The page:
It is certainly true that Catholics look to the Pope for moral instruction and leadership, but the widespread notion that the Pope dictates how individual Catholics behave is a fallacy. The Pope's representatives are the bishops, but they have less loyalty to Rome than you might think, and certainly less control over their flocks than the popular conception would have. In addition, there have always been many independent power sources within the structure of the larger Church – the religious orders are the most prominent example, but other Catholic institutions have long had wide latitude in how they conduct their affairs. Which brings us back to Notre Dame.
As I discussed earlier, the University of Notre Dame is one of the most prominent Catholic institutions in this country. For many Catholics, especially in the Midwest, it is a pre-eminent symbol of the Church. This is equally true for non-Catholics, who may know little of Catholic doctrine but recognize Notre Dame as a quintessentially Catholic institution. That means that the public actions of Notre Dame are bound to influence the perceptions of Catholics and non-Catholics about what Catholics believe and the values that Catholics put forward.
"The reason for the strong reaction lies in the growing dismay among many, after years of discussion and organizing, over their inability to stop the killing each day of about 4,000 unborn babies," Cardinal George said in the statement.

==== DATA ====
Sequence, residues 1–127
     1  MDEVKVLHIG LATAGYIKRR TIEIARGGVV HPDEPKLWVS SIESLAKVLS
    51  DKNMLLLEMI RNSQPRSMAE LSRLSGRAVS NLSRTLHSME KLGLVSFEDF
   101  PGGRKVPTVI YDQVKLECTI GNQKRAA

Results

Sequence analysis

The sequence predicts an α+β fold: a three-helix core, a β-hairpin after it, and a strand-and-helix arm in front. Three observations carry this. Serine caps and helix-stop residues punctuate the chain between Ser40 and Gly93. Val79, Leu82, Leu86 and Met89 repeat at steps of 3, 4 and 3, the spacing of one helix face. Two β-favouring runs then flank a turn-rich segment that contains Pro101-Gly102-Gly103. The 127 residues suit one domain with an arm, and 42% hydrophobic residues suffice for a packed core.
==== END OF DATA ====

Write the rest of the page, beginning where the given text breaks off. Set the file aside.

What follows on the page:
"The indications now that the present administration intends to solidify the right to abortion as a permanent civil rights law, without possible qualification of any sort, add to that dismay and increase frustration," he added.
"Abortion is a society-dividing issue."
The statement said Cardinal George has not urged Notre Dame to "disinvite" the president. "He said that both the president and his office should be respected and that the university could not and should not rescind an invitation to the president of the United States," it said. "The president's views are well known as are his reasons for them; he is not himself the issue here."
Cardinal George said "those who were upset about the invitation should let their opinions be known to the university, not to him or other bishops, since the bishops do not control or manage the university."